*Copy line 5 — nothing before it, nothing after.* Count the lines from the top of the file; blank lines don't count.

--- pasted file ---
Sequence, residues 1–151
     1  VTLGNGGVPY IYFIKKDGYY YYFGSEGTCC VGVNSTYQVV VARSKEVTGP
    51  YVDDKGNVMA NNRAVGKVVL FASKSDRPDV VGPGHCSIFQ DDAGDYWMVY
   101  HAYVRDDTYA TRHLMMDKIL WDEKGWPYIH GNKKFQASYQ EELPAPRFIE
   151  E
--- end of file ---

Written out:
   151  E